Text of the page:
1. Ensure your identity management is top notch. If you might have gotten by with less than ideal permission model implementation in your limited isolated environment, it will most likely have to improve once you move to the public cloud as more management possibilities leave more room for user error.
2. If you’re still treating your internal network as a safe zone, stop doing it (even if you’re not in the cloud). Privilege escalation and lateral movement are very common scenarios of getting compromised. Zero trust security model is something that should be embraced for a more robust security. Strong identity-based access model and auditing are key to not become a victim of cybercrime.
3. Leverage the security tools that are provided by the cloud providers. The higher level services that the cloud providers offer might not be as familiar as the on-premises environment that you have built and maintained for years, and your security tools might need to evolve to be compatible as well. However, during the past few years the providers started offering many (often free) security insight tools, which can provide a lot of useful data out of the box.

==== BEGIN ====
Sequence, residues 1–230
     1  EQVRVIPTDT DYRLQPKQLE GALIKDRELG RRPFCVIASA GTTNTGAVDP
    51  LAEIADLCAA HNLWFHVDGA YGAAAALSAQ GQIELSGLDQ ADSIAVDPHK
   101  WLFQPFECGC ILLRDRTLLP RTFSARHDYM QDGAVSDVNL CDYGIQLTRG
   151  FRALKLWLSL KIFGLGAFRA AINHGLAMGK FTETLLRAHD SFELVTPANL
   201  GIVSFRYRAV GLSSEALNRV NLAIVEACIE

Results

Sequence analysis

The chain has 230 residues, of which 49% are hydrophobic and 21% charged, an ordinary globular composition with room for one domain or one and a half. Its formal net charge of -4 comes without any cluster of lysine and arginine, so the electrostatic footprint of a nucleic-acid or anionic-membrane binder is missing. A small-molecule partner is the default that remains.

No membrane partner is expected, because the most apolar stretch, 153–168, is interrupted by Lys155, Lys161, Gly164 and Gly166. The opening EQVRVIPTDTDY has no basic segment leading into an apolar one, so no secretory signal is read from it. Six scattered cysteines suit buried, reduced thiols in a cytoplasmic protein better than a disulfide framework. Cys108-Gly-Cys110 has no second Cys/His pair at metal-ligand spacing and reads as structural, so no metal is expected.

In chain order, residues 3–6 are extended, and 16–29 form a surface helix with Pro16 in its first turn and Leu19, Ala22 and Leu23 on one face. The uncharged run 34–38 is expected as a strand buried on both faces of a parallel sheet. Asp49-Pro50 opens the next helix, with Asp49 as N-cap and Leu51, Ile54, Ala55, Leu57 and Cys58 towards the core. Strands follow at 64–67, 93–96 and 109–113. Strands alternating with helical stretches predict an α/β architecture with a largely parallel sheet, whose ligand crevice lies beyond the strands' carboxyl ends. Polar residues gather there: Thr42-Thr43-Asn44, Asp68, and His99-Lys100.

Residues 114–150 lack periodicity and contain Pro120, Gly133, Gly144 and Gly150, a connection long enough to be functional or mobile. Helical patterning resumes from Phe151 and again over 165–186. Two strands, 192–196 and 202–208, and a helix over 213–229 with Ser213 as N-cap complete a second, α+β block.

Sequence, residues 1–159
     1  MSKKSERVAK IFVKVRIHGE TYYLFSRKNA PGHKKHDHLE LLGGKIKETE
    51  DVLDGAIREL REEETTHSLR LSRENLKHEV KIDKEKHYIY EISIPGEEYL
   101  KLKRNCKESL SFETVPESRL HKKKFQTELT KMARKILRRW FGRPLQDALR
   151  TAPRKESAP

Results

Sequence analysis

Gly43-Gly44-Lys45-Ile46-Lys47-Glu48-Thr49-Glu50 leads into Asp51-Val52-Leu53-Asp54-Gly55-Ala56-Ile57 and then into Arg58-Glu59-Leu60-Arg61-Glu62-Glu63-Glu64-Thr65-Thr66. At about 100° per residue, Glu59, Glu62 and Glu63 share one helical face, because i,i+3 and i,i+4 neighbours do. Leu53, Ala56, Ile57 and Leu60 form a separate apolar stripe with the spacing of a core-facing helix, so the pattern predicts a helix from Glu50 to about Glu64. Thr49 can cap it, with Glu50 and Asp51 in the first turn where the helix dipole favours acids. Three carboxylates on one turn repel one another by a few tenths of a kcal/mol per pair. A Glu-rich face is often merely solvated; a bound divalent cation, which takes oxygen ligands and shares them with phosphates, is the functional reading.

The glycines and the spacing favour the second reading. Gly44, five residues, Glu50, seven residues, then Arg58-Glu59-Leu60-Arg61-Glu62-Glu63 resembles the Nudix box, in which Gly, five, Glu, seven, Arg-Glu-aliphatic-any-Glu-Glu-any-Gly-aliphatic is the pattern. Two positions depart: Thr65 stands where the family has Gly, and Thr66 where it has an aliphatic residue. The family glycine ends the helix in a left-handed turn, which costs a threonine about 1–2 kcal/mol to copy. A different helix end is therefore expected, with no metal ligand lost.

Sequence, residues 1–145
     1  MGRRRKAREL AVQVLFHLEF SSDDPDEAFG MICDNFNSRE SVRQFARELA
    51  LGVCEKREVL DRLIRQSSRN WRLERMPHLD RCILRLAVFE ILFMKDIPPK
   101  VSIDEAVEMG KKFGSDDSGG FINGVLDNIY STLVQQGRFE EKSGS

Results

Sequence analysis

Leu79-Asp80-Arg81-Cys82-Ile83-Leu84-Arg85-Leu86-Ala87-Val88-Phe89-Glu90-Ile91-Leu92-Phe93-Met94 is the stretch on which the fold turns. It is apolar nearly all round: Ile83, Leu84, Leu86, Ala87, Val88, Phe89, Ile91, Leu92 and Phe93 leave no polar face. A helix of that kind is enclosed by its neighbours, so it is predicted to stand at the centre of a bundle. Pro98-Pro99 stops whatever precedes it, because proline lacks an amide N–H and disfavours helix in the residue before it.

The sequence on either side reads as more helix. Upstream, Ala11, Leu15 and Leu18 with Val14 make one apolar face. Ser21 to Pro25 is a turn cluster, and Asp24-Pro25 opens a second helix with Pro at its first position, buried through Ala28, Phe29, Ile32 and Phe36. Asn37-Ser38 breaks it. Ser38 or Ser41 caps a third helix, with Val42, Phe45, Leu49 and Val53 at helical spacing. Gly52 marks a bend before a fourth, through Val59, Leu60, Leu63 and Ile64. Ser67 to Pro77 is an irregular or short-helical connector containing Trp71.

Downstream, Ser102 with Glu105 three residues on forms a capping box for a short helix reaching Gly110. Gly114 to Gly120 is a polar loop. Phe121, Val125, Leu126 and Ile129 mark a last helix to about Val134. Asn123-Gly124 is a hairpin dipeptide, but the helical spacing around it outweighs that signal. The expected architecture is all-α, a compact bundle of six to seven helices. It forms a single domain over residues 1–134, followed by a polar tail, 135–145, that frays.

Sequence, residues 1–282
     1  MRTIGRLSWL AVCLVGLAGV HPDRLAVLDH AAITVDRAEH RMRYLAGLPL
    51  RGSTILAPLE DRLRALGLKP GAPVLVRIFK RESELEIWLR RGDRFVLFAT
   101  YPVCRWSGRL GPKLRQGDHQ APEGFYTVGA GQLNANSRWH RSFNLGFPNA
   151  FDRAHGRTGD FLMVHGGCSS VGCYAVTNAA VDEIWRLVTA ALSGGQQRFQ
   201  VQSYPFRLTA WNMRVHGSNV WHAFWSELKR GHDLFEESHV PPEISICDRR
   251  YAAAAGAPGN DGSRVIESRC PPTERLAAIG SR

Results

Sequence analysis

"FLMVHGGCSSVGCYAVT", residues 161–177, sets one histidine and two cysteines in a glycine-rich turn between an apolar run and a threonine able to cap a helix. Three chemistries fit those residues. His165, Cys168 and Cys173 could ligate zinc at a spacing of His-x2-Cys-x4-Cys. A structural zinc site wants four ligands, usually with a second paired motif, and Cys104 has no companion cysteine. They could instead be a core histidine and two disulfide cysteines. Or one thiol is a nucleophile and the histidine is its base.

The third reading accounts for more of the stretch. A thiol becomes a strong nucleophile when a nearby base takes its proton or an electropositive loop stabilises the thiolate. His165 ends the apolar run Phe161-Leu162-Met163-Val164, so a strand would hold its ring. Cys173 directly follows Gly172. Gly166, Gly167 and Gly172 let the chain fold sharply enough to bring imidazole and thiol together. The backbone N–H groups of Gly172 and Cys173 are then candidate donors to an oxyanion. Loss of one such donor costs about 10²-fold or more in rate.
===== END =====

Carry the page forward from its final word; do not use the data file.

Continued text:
4. Remember that you are still responsible for your customer data. Both in and outside the cloud that is still the case. Encryption at rest, in transit and in use can and should be used for your data. Like we mentioned in the article, it can work in a cloud environment as well as in your own datacenter.
5. Invest in your IT team’s education and constant learning to be proficient in properly managing public cloud and it security and/or establish a trusted partnership with a Managed Cloud Services Provider (like BTT Cloud) to help you not only with the initial steps to move on to the public cloud, but also modernize and innovate at the right pace. Initial mistakes without proper planning can cost a lot in the long run.